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LIZ ROLL/FEMA.ORG

What Superstorm Sandy left behind.

San Antonio Meteorologists talk climate change

That means everything from new drought-resistant crops that can weather the extremes that I know we're going to see. Climate scientists say that this is just the tip of the iceberg. This is just the beginning from what we're seeing. Everything from huge impacts on agriculture to trying to mitigate sea-level rise and levies and storm walls.

As a businessman it's a threat and it's an opportunity and this may be one way to reach some conservatives. If you tell them, "Hey, by being obstinate, by denying the science, you are leaving money on the table. You are overlooking an incredible investment opportunity." I tell my conservative friends that in the Pentagon, insurance circles, there is no debate about the science.

If you ignore this, it's going to show up in your portfolio. You will shoot yourself in the foot with your investments. You have to stay up on the science, you have to listen to new data, otherwise, you're going to watch your portfolio shrink. Is that what you want?

JP: What about Superstorm Sandy?

PD: Although you can't prove direct causation with Sandy, in my humble opinion — and that of most of the climate scientists I know — it's a case of systematic causation. We've loaded dice in favor of more extreme storms, heat waves and drought. We've super-sized our weather … the timing, scale and scope of the storm were extraordinary — like nothing I've ever witnessed, a hybrid of hurricane and Nor'easter that is not very well understood.

Sandy was made worse by unusually warm ocean water in the Gulf Stream, and the record melting of polar ice in September may be creating a blocking pattern in the upper atmosphere that favors major storms, especially for the eastern third of the USA — a trend in recent winters. It would have been a major storm without a hurricane in the core, but the combination of Nor'easter powered by temperature extremes and a hurricane powered by warm ocean water created a meteorological bomb that impacted a huge swath of coastline. Again, fairly unprecedented historically. And the fact that Sandy impacted a densely populated region of the USA meant more people affected, and brought additional media attention.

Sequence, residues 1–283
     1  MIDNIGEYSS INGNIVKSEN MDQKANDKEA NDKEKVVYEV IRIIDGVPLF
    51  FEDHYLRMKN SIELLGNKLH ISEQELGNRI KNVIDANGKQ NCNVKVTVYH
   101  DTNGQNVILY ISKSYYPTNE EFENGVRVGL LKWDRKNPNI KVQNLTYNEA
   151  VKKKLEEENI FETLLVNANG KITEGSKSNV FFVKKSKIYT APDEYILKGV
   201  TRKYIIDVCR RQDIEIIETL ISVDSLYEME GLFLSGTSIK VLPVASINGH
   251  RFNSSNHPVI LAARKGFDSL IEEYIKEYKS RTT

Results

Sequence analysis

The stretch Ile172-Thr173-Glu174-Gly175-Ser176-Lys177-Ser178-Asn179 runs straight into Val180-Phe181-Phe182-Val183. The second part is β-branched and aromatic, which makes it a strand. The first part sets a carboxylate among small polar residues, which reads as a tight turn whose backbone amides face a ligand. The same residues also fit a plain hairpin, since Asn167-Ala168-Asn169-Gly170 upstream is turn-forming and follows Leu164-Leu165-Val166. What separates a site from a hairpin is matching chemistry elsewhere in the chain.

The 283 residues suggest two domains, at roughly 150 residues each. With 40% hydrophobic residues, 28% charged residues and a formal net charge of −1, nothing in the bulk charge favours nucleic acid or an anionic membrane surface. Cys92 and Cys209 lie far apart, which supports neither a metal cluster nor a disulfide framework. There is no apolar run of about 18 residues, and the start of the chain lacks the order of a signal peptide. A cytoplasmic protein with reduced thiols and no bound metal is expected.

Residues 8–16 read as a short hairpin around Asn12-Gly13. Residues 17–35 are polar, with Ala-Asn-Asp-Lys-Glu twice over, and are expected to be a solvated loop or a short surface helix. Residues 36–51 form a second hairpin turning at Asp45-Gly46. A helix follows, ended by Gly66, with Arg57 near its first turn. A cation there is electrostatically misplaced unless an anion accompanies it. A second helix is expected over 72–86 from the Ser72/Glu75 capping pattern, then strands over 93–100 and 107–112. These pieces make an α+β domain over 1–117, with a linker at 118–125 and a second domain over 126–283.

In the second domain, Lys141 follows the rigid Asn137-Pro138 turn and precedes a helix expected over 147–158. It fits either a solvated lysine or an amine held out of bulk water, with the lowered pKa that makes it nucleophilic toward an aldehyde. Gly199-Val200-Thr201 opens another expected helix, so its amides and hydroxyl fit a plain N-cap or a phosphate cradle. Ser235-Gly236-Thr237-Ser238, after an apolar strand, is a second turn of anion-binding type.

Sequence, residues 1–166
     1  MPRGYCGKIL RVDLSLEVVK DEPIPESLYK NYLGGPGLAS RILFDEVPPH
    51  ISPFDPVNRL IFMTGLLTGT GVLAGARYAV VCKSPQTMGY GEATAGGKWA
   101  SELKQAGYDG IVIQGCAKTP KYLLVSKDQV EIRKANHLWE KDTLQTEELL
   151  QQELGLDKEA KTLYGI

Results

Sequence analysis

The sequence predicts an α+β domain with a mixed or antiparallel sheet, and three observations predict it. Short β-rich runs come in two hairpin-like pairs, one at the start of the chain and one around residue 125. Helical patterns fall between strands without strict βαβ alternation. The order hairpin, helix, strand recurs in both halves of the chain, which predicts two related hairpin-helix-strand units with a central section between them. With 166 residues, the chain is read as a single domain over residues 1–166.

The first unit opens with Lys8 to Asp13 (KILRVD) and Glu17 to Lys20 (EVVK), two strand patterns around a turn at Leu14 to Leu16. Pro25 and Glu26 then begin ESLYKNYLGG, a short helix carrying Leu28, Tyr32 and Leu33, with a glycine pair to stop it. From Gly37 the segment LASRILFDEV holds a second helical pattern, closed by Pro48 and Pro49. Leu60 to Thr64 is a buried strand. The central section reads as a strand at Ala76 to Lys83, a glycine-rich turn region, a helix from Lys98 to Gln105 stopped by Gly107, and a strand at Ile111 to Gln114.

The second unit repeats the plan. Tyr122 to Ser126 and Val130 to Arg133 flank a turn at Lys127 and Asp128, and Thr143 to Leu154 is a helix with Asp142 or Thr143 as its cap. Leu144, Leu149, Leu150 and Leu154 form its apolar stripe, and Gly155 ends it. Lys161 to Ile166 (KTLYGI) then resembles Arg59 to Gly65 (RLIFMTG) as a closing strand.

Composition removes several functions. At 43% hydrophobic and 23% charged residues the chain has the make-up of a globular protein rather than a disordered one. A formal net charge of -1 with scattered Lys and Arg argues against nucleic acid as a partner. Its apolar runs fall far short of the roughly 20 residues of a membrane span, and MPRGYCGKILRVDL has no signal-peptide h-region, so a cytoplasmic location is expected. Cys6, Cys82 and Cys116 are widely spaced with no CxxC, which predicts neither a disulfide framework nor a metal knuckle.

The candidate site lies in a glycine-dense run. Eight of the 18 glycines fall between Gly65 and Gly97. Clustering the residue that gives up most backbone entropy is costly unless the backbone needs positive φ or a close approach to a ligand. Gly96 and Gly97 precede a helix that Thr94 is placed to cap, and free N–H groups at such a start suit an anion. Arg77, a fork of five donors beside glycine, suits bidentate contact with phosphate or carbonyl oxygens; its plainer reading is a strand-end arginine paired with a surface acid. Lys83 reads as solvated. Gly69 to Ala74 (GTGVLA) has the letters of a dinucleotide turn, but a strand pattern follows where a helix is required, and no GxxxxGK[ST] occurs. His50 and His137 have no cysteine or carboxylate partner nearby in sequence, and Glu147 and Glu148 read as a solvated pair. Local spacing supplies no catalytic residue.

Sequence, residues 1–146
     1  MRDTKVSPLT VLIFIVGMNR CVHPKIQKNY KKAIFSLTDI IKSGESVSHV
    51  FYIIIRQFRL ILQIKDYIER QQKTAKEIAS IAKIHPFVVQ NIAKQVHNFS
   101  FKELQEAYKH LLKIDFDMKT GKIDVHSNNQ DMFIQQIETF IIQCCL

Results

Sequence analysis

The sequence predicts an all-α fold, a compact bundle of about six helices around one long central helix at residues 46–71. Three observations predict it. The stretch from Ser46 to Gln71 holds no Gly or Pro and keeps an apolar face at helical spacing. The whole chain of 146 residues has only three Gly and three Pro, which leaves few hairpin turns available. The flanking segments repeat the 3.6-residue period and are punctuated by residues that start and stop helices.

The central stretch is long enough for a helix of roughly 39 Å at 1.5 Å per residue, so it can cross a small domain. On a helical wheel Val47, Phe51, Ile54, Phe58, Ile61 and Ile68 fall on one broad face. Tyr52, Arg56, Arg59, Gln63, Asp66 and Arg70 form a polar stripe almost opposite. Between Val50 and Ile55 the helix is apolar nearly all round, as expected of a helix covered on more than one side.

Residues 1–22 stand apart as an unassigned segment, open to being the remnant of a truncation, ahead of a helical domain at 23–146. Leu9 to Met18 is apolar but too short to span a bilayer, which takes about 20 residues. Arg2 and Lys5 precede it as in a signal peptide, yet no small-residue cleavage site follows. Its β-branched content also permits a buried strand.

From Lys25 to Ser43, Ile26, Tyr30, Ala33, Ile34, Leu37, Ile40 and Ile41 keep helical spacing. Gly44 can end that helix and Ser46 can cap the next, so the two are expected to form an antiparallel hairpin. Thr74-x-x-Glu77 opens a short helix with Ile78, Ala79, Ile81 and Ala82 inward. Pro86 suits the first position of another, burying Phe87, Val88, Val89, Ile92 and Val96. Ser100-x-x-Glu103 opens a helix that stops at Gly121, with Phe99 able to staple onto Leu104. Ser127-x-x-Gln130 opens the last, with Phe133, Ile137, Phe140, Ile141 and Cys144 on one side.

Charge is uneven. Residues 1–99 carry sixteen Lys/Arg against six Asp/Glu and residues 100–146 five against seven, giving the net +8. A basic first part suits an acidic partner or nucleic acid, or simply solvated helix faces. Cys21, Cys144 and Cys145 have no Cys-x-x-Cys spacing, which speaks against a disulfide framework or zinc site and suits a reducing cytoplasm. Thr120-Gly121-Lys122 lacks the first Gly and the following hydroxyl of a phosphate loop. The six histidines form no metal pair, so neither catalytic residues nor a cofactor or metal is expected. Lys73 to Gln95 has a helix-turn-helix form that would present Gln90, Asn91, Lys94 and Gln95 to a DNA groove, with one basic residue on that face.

Weather has always been severe, but now a warmer climate is flavoring ALL weather. The frequency and intensity of extreme weather events is on the rise, and Sandy was just the most recent and visible manifestation of this trend across North America.


With Texas, and the broader U.S., fresh off its hottest year on record, scientists are increasingly warning us to brace for more intense hurricanes coupled with longer stretches of drought. As it stands, nearly two-thirds of Texas' 254 counties have been declared natural disaster areas due to drought and heat.

But should you be hearing any of this from your local weather (wo)man? Last year a number of environmental groups gathered to form Forecast the Facts, a campaign aiming to out TV meteorologists who deny mainstream climate-change science – namely that it's real, caused largely by humans, and that it's already starting to profoundly impact our world. The American Meteorological Society (which held its annual convention in Austin last week) last year updated its stance on the topic, putting out a policy statement stating that extensive scientific evidence points to "human-induced increases" in greenhouse gases as the main culprit for rapid climate change over the past half century.

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